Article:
Clinical Corner - July 2022

Although node-positive solid tumor malignancies frequently mandate adjuvant chemotherapy usage, the debate regarding Stage II (node negative) colon cancer continues to be ongoing relating to this issue. Medical oncologists have a variety of differing views as to whether additional chemotherapy should be offered after colectomy. While nodal status is an important indicator that is captured in our cancer registries, other markers may be equally or more significant as guides for applying additional therapy after colectomy. For instance, the presence of circulating tumor DNA (ctDNA) after surgery predicts very poor recurrence-free survival, whereas its absence predicts a low risk of recurrence. The benefit of adjuvant chemotherapy for ctDNA-positive patients is not well understood, but may play an important role in the future.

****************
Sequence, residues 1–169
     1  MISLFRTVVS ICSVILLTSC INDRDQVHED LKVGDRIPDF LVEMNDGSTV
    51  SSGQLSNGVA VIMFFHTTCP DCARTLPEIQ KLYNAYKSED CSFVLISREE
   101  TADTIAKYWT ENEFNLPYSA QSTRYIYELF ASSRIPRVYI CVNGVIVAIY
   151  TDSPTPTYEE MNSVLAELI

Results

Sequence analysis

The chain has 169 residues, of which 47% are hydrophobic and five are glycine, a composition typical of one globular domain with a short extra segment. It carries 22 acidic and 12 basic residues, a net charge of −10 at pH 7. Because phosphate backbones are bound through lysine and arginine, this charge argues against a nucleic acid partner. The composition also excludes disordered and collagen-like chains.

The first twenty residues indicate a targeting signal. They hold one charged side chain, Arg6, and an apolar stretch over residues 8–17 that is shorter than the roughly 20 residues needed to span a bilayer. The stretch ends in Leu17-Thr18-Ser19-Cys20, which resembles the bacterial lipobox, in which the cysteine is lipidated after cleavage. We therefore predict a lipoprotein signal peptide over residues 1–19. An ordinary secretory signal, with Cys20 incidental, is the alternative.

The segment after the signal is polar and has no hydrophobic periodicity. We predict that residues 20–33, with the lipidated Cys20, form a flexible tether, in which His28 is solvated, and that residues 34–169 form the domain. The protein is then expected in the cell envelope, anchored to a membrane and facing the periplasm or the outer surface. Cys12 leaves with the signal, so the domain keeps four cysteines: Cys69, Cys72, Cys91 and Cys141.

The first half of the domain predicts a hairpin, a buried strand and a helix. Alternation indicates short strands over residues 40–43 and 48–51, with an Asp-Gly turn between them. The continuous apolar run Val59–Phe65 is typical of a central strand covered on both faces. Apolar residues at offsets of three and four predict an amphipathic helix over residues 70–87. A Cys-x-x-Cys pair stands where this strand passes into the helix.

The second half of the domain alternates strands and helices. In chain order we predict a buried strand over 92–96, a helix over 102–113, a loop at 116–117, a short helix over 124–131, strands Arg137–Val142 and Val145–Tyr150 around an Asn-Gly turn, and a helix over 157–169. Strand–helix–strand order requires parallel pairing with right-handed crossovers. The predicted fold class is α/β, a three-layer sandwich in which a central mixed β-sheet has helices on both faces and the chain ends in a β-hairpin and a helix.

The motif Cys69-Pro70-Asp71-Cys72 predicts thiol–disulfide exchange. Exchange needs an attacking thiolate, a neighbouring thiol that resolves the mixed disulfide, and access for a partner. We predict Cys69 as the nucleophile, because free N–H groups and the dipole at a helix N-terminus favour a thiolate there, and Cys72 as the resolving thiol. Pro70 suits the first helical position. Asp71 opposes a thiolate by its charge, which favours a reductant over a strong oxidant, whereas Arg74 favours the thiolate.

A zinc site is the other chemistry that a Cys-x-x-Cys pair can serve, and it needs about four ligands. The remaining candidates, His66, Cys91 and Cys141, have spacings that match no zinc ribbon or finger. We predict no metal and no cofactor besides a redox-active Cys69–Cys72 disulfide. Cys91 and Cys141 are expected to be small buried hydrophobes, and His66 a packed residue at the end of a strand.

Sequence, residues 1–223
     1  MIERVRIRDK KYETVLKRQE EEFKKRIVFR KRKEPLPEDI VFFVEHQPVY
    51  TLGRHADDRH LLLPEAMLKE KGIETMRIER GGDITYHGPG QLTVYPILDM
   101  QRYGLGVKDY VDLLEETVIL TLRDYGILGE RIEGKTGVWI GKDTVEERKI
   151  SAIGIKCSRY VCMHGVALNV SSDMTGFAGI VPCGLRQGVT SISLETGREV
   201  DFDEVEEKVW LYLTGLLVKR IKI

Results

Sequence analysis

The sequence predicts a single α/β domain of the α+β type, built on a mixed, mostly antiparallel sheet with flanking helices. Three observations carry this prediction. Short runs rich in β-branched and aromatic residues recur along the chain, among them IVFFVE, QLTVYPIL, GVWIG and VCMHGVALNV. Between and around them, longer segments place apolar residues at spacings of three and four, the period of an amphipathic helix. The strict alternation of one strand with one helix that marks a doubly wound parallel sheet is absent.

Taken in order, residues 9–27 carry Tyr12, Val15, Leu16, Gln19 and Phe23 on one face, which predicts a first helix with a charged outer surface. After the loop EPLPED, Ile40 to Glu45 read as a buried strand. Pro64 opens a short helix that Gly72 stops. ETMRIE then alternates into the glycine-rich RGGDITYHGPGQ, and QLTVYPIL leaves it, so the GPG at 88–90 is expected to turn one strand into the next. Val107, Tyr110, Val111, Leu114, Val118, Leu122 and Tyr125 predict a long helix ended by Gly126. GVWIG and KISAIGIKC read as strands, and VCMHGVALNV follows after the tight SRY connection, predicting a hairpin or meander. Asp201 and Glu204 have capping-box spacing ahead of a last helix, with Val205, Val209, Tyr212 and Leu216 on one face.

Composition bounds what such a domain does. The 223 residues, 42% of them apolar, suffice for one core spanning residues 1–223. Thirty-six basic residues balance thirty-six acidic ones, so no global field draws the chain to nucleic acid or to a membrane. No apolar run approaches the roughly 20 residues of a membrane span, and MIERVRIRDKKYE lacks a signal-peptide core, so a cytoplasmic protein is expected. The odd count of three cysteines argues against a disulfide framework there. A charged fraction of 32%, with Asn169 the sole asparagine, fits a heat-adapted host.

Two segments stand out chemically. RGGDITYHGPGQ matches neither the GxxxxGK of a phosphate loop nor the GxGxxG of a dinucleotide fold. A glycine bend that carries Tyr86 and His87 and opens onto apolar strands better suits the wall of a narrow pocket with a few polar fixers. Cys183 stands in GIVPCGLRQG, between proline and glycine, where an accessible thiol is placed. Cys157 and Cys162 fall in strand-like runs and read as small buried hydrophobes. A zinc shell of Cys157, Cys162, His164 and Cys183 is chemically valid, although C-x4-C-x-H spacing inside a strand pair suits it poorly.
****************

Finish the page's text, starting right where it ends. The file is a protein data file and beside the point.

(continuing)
In the AJCC Cancer Staging Manual , Eighth Edition, the descriptor “cM0(i+)” was introduced to help capture the presence of both circulating cancer cells and ctDNA. While currently a minority of patients with colon cancer, as well as other malignancies are being evaluated for these occult findings, our registries must include these critical predictors if available. Our cancer registrars must be alert to these findings and their importance in cancer management. A ctDNA-guided approach to adjuvant treatment in cancer patients may give valuable additional information in the management of patients with Stage II colon cancer as well as other node-negative malignancies.